Charlotte businessman warns of perils of one-party rule in U.S. urban hubs

by WorldTribune Staff, November 25, 2018

The personal finance website WalletHub recently released its rankings for the worst big cities in the United States. Of the 150 cities ranked, 15 of the bottom 16 are currently run by Democrats and have been for decades.

‘The Queen City is still attractive to business, with a skilled workforce, great amenities and a can-do attitude. But we haven’t had balance in our elected governing bodies since 2007, when we last elected a Republican mayor.’

“Democrats who’ve run these cities cling to the notion that government spending can conjure up private growth by ‘investing’ in all manner of bureaucratic programs to alleviate any ill in society,” Charlotte, North Carolina businessman Frank Dowd wrote in a Nov. 25 op-ed for the North State Journal.

“So taxes must go up to pay for these government interventions in the private economy that seek equality of outcomes rather than equality of opportunity, resulting in an unbroken string of failures despite good intentions.”

Dowd, chairman of Charlotte Pipe and Foundry Company, a 117-year-old manufacturer of cast iron and plastic pipe and fittings with seven plants around the nation, fears that Charlotte is quickly headed in the same direction as the cities at the bottom of the WalletHub rankings.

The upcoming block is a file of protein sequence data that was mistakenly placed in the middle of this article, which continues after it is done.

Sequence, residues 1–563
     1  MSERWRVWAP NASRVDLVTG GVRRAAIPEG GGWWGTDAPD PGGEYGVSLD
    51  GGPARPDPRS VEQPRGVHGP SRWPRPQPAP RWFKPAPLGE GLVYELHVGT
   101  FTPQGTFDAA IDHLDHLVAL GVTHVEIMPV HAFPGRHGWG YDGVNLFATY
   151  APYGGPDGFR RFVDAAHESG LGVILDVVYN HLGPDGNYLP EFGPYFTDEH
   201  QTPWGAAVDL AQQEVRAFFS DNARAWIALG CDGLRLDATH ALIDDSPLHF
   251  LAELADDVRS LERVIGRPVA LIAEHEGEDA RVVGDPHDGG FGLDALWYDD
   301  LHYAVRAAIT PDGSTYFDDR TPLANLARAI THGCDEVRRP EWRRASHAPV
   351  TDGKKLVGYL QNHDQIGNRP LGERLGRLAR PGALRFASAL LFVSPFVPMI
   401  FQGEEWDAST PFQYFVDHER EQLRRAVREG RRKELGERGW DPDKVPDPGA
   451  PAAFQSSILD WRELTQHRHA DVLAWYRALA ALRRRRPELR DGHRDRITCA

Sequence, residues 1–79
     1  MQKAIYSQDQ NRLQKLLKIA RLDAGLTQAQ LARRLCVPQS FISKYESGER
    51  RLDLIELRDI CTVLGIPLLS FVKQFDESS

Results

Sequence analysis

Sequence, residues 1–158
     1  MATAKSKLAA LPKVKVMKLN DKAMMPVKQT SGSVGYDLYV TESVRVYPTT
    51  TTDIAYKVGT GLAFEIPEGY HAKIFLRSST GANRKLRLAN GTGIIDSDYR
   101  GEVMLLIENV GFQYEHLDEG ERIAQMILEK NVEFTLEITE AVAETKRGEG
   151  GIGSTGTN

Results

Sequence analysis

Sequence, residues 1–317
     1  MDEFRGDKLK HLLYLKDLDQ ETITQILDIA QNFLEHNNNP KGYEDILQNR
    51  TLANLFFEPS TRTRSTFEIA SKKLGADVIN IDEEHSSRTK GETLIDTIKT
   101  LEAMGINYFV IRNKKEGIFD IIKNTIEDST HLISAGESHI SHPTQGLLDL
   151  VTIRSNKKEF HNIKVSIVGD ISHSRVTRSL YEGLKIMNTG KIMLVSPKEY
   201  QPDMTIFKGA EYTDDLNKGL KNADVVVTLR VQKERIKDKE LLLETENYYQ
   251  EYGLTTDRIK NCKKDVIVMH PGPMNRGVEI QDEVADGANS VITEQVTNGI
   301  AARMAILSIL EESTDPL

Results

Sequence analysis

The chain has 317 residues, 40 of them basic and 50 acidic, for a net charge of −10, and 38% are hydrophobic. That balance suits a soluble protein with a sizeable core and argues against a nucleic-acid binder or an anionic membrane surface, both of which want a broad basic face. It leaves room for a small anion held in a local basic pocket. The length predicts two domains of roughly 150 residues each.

“Is this the future we want for Charlotte? Right now, the Queen City is still attractive to business, with a skilled workforce, great amenities and a can-do attitude. But we haven’t had balance in our elected governing bodies since 2007, when we last elected a Republican mayor,” Dowd wrote.

The 2018 midterms reinforced Democrats’ hold on Charlotte. Dowd noted that Democrats have a 9-0 majority on the Mecklenburg Board of County Commissioners and were unopposed in winning district attorney, sheriff and clerk of superior court races. Charlotte’s city council also has a Democrat mayor and a 9-2 Democrat majority.

“As it currently stands, our local governing bodies are free to raise taxes and increase spending without so much as a speed bump of opposition,” Dowd wrote. “The sweep of the county commission will have an immediate impact as the board is getting ready to oversee a ‘countywide tax revaluation that is expected to send property values soaring,’ according to The Charlotte Observer. And over the summer, the city council approved a 1-cent property tax hike that included raises of 3 percent or more for the city’s 8,000 employees. The tax increase was on top of fee hikes of $23 for water, $9 for storm water and $7 for trash pickup.”

Dowd concluded: “We have our glaring problems like any other major metropolis, but the answer to those problems does not lie in limiting ideas and potential solutions to one side of the aisle. I just hope when we look back a decade or more from now that Charlotte does not end up on the dubious list of once-vibrant cities run into the ground by one-party rule.”

See WalletHub report.


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